Within the retail landscape, the fight to remain relevant, competitive, and profitable is becoming increasingly challenging for larger retail businesses, particularly those relying on traditional operating models that don’t speak to modern-day customer demands. We’re talking about old-fashioned customer lines and outdated labor structures. Lines and labor are the two universal problems all retail enterprises face, and yet many don’t recognize the risks they pose.
It’s understandable. If you’ve operated up to a certain point on an existing model and it’s taken you this far, you would assume it’s the solution, not the problem. You have a system that seems to work fine as is, so why change it? Also, after reaching a certain size, the idea of changing can sound daunting and a headache-in-waiting to oversee.
However, studies have shown time and again that lines cut into retail earnings because customers hate waiting in line. So much so that 25% of customers stated that they’d only wait a maximum of two minutes in a line to make a purchase, while 73% said they’d abandon their purchase if they had to wait for five minutes.
That begs the question: just how much are lines really costing you?
That’s just one piece of the inefficiency puzzle. Employee disengagement remains high according to Gallup, with only 32% of American employees being engaged at work while 18% are actively disengaged. Employee disengagement is particularly high in the retail sector with studies finding that only 38% of retail workers report finding meaning in their work and 44% saying they plan to stay with their employer in the long term.
Disengaged, mentally checked-out employees are less focused and less motivated and can cost their organization between $228 and $355 million a year in lost productivity. Over 5 years, that’s more than $1 billion of lost value.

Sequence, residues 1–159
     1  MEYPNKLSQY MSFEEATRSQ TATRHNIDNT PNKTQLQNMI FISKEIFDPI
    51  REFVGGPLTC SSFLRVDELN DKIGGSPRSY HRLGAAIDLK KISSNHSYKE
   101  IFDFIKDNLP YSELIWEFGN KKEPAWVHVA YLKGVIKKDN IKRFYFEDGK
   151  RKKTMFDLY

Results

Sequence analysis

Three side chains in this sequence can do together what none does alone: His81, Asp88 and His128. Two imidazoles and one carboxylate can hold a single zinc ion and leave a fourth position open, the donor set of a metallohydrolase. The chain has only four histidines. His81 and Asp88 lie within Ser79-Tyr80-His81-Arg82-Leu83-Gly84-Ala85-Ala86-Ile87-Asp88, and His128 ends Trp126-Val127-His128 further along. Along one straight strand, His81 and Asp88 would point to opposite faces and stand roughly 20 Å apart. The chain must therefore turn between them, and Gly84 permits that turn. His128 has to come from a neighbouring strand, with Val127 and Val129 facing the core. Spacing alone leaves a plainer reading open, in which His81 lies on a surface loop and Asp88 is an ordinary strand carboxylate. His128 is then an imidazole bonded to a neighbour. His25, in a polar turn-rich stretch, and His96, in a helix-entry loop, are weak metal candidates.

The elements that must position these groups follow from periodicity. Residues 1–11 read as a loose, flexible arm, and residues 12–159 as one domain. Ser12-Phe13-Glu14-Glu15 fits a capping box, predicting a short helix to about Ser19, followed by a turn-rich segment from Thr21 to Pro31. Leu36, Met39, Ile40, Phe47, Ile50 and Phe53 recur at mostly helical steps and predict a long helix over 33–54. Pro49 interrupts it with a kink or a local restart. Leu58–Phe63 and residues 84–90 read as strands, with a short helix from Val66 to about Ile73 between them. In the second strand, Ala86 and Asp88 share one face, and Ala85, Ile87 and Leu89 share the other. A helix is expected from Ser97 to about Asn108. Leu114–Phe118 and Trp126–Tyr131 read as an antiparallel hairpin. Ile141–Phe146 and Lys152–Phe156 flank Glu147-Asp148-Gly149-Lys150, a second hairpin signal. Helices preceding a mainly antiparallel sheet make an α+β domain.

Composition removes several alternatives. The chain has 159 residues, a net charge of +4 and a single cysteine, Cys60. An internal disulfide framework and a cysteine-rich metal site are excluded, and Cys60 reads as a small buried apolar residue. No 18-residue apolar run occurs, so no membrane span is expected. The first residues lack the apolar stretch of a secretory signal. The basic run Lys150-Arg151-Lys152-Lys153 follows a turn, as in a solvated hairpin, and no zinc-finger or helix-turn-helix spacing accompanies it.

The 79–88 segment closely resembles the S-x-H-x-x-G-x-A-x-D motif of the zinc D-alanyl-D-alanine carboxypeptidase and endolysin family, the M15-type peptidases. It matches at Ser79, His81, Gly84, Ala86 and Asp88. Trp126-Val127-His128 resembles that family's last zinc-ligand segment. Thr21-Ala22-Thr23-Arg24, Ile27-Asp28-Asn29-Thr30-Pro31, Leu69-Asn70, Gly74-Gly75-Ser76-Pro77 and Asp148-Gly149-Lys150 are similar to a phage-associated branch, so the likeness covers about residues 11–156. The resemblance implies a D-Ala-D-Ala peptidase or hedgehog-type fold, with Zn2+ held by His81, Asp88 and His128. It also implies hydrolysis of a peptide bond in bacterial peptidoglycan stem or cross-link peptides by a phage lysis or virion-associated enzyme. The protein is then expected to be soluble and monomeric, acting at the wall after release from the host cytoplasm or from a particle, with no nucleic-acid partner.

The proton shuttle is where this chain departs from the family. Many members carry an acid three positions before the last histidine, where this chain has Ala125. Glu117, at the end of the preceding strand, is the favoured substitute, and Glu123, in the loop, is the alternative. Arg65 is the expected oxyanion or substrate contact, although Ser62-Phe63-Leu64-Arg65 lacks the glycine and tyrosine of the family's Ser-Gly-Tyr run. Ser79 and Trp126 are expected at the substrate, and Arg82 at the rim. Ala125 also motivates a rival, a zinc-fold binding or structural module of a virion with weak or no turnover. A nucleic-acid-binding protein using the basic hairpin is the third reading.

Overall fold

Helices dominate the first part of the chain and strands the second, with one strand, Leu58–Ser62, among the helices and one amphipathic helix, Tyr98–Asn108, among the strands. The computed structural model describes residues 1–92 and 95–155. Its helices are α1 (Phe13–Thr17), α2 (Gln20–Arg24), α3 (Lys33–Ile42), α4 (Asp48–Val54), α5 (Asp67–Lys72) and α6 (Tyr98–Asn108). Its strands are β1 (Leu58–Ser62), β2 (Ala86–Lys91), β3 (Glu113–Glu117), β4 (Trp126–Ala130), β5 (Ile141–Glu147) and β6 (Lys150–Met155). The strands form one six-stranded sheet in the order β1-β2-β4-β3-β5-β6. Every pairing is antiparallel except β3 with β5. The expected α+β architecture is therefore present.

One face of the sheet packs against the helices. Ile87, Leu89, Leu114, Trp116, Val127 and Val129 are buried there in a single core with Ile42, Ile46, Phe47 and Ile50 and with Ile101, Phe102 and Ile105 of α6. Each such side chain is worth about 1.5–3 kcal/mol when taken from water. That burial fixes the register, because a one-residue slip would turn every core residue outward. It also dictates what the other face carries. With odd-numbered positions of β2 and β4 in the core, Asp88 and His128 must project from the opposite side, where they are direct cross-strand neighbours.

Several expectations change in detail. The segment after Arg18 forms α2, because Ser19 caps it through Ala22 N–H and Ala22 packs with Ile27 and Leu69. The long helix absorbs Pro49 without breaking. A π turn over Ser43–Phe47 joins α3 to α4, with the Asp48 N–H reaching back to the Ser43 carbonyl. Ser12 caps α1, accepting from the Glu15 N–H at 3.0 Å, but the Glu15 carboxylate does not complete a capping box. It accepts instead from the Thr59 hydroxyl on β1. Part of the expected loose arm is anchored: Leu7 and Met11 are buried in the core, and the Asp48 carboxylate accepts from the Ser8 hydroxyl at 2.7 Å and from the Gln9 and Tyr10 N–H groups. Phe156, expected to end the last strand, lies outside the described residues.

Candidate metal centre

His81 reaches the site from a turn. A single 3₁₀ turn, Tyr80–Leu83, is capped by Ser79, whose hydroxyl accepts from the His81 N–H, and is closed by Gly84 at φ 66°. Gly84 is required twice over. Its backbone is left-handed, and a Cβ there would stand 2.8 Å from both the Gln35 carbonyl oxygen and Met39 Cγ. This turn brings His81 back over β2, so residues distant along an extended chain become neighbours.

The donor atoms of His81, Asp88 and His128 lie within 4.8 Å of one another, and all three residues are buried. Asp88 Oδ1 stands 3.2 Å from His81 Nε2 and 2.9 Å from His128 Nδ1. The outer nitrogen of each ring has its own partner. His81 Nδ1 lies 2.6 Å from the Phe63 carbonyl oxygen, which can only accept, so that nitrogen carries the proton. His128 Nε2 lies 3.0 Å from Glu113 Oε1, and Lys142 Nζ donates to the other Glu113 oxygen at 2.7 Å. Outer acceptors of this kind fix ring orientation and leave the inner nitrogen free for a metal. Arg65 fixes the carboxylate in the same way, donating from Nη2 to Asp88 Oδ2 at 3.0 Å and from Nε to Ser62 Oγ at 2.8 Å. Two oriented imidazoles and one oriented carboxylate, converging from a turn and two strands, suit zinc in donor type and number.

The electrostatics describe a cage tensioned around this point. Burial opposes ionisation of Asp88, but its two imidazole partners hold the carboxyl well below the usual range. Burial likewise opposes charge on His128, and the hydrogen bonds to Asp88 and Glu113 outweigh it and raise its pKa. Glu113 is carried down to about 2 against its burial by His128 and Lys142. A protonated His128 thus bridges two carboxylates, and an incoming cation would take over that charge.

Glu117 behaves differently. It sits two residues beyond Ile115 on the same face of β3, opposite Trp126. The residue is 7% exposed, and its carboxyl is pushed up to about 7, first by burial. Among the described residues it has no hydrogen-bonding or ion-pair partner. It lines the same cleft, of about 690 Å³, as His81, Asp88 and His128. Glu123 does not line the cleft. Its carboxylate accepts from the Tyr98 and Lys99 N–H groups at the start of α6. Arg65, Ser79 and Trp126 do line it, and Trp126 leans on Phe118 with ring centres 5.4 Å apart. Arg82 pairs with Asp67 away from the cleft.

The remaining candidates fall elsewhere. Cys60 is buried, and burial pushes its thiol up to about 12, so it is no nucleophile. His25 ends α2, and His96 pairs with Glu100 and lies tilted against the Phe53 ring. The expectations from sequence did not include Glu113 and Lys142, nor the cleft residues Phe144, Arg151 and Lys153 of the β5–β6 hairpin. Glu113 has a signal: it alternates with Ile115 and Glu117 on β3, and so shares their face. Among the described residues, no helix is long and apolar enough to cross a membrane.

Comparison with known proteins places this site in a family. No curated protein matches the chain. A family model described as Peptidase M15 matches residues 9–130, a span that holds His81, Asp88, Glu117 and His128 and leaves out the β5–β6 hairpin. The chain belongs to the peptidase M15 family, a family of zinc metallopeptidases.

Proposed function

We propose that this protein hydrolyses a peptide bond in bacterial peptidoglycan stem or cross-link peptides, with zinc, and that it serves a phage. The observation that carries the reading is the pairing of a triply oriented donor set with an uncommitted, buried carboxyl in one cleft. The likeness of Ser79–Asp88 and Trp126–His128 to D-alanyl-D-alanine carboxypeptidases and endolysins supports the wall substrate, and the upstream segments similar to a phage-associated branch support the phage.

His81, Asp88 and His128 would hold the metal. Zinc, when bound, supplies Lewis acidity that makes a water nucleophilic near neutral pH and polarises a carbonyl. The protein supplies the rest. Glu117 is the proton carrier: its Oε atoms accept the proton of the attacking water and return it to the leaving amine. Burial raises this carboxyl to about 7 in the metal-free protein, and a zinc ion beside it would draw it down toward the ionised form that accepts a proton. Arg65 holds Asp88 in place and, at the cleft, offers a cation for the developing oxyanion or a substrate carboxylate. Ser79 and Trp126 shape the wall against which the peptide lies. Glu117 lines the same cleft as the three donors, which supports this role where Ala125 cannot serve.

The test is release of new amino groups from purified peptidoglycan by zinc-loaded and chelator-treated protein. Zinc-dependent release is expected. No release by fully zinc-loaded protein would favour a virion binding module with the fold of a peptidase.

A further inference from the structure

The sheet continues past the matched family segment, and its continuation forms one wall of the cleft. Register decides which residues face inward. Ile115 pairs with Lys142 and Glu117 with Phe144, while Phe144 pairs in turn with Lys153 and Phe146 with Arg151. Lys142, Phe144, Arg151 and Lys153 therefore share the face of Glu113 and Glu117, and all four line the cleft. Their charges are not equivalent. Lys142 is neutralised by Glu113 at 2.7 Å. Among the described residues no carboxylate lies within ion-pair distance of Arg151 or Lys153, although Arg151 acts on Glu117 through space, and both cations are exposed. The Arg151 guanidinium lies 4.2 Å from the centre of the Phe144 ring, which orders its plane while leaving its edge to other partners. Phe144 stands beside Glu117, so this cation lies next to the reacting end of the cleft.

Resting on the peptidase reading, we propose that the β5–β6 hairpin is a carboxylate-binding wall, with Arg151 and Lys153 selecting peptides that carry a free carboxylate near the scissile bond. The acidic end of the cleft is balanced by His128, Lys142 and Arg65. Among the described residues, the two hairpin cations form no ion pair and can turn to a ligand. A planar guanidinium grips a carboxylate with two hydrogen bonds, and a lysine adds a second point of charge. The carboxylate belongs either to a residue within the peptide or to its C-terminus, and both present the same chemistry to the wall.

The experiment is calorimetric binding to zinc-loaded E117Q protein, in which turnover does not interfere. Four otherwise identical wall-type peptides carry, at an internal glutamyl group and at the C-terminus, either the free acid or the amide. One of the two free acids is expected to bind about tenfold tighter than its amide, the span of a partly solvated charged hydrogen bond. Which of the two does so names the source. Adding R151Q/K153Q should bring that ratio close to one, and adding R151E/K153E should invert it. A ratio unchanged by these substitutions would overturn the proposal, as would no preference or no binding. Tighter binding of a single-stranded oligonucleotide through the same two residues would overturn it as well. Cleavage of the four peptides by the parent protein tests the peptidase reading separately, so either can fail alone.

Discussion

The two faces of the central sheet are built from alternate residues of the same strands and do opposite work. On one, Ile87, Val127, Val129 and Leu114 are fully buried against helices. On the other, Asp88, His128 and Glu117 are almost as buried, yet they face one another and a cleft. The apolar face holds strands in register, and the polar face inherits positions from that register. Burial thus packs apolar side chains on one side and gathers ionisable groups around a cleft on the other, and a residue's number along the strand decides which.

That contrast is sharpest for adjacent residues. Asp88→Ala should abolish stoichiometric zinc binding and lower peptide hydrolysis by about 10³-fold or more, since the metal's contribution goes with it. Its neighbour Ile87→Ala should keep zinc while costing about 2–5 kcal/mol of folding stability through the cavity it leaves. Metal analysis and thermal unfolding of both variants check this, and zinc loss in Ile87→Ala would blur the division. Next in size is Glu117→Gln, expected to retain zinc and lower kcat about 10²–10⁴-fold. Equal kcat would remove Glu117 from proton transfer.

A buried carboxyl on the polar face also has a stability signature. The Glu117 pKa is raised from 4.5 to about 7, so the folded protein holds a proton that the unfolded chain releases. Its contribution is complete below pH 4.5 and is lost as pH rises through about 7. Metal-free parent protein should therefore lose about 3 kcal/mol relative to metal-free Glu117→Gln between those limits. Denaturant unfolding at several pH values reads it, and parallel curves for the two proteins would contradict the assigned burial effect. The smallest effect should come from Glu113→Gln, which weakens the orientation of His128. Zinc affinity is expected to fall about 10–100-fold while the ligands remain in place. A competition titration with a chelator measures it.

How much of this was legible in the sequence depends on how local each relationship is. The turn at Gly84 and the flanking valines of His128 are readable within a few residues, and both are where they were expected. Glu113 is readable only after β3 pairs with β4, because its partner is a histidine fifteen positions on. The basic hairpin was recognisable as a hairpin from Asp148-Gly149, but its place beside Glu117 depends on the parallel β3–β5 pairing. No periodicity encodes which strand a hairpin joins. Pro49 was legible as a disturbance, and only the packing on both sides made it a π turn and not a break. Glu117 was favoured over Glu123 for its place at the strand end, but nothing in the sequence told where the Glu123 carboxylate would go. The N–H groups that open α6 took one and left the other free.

The writing’s on the wall: “lines and labor” no longer align with the evolving retail landscape, one where customers demand faster, more personalized digital experiences and employees looking for greater variety and diversity in their roles.
Lines and labor have themselves become legacy systems, bound to an outdated retail business model that leaves customers frustrated and employees exhausted and disengaged. It’s time for a massive overhaul of lines and labor within in-store retail operating contexts. Your future efficiency gains, earnings, employees, and (most importantly ) customers will thank you.
Let’s quickly dispel a persistent myth while we’re at it – getting rid of your customer lines doesn’t erase your labor or make your staff obsolete. It’s the exact opposite. Eliminating customer lines will unlock even greater productivity and value from your staff in their roles, boosting their workplace satisfaction while elevating your customer experience. It’s a win on all fronts for your store.
The line ends here, but the labor doesn’t. Here’s why.
The (multi-lane) problem with lines
Let’s clarify what we mean when we talk about lines. Lines themselves are not the direct problem, it’s the type of lines and the way they’re utilized in stores that are the problem. We’re talking about checkout lines, query lines, return lines…the list is endless (and so is the line for it). More often than not, these lines converge into one large line that time-strapped customers are forced to stand in.